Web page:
In Canada, nine Canadian professional teams compete with U.S. teams in predominantly American leagues (on October 17, 2018, recreational use of marijuana officially became legal across Canada).
Sports and Marijuana Take a Step in the Right Direction
We are encouraged by the strides professional sports organizations are making in their treatment of cannabis consumption across the U.S. Let’s take a look at how the Big Three sports leagues and the UFC are changing their ways concerning marijuana and their drug testing policies.
The NBA had agreed to extend not randomly test players for marijuana this season. The act was a continuation of the policy that was put in place when the league decided to “restart in the bubble” due to COVID-19. The new Collective Bargain Agreement reduced the testing window from four months to just two weeks of training camp. This way, players could use marijuana in the offseason without fear of punishment.
In the past, if an NBA player tested positive for cannabis for his first violation, the player must attend an anti-drug treatment program. Next, players would receive a fine for a second violation. Lastly, a five-game suspension without pay for a third violation.
Under the current agreement, players can no longer be suspended for testing positive for THC.
MLB removed testing for cannabis (THC and cannabinoids) from its drugs of abuse program in 2019. “Marijuana-related conduct will be treated the same as alcohol-related conduct under the Parties’ Joint Treatment Program,” according to the league and MLB players union. Meaning that players would be referred to mandatory evaluation and voluntary treatment. The league also announced that it would start testing for opioids. Its purpose is to help curb opioid addiction amongst its players.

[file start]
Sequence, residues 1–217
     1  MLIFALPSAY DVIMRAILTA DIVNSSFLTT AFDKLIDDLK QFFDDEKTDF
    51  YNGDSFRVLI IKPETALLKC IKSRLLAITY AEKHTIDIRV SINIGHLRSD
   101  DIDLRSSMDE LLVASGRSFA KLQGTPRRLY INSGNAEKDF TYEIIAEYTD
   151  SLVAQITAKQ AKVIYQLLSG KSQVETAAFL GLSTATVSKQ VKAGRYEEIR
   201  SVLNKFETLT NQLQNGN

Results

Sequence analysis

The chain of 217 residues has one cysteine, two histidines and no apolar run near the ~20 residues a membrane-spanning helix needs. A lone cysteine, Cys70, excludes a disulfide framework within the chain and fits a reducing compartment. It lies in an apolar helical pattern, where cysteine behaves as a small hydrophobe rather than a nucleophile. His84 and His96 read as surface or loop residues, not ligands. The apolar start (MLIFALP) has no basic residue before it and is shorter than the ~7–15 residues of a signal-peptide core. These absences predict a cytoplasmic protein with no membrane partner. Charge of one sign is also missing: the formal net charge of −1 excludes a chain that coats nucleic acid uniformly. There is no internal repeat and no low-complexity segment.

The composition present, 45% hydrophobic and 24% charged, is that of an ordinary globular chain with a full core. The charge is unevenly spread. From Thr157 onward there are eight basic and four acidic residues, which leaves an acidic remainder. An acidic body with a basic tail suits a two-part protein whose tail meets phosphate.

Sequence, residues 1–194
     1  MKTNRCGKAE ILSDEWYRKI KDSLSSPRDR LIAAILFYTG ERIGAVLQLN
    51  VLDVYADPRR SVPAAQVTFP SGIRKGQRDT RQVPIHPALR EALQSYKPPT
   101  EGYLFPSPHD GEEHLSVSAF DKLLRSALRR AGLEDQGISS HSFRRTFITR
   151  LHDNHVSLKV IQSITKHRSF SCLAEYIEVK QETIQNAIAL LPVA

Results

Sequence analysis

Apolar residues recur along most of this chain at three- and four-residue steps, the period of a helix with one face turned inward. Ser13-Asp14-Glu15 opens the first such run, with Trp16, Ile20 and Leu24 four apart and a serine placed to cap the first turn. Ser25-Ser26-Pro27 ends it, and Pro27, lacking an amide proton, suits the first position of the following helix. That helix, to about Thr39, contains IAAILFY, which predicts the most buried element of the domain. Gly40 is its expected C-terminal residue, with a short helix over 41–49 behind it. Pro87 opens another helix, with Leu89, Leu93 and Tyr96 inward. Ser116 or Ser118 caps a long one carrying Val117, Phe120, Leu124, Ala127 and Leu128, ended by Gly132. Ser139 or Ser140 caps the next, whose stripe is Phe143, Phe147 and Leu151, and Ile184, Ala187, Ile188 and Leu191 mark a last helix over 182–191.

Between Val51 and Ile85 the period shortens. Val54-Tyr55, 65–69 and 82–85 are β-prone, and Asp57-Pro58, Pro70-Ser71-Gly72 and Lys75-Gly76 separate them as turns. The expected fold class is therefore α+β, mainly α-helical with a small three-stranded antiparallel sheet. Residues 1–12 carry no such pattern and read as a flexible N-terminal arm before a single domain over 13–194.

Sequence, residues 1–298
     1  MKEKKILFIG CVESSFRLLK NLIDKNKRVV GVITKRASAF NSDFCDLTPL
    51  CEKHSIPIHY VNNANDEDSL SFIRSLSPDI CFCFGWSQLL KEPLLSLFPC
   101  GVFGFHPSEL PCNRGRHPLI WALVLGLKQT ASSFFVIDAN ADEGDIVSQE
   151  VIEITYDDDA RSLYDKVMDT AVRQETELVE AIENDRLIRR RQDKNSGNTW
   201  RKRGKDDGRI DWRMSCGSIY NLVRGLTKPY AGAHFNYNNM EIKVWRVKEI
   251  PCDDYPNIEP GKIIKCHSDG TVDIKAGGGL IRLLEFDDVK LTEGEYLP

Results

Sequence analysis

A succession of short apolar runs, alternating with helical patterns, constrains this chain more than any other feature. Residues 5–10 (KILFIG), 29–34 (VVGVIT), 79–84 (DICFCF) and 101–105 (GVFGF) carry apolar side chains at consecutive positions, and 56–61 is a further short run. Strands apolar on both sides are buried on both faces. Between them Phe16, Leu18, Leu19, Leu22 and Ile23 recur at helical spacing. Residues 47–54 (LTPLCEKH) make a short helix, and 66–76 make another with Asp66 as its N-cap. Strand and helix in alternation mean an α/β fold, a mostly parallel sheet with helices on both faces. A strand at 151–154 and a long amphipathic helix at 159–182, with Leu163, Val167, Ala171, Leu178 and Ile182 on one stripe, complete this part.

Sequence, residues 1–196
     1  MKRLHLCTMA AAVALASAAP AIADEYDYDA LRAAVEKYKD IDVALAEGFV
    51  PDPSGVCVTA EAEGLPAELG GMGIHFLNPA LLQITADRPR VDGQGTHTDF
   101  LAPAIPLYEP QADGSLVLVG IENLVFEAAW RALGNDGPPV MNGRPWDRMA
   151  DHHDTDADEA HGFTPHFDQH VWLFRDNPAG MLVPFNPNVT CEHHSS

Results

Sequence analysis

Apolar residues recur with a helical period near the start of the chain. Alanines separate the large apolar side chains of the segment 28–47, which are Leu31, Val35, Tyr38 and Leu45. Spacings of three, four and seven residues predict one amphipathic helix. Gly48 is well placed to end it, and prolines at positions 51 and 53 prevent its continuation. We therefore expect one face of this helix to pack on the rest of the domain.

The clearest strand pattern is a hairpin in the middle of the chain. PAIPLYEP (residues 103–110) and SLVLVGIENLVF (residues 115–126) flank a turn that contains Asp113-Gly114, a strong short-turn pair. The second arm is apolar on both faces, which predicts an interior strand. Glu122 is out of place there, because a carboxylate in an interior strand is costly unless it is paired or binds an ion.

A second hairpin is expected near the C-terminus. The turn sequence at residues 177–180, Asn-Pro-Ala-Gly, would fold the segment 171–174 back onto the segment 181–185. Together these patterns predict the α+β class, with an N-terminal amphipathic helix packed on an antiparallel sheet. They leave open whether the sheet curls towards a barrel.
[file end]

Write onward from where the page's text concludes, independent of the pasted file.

The NHL currently does tests for cannabis. But, it doesn’t punish for positive tests. Instead, they encourage a treatment-based program when necessary. “Weed” is presently not on the NHL’s list of banned substances because it isn’t considered performance-enhancing. It is one of many drugs players tested for under the Substance Abuse and Behavioral Health Program. Currently, the program is run jointly by the NHL and its union.
The UFC follows USADA’s (U.S. Anti-Doping Agency) rules but not WADA’s. They permit the use of cannabis except when an athlete intends to use it for performance enhancement.
On January 14, 2021, the UFC and USADA announced they would no longer punish athletes who test positive for THC. Before a fight, athletes would be subject to testing, Yet fighters who test positive will not be penalized under the new change.
Significant steps have been taken regarding punishment for cannabis consumption by sports teams, athletes, and leagues. Additional advocacy to ease restrictions and promote the benefits of cannabis for professional athletes can only help them succeed. Conceivably, it’ll help them have longer careers and decrease opioid addictions.
Levanstian “Lee” Brown for Thread Head Media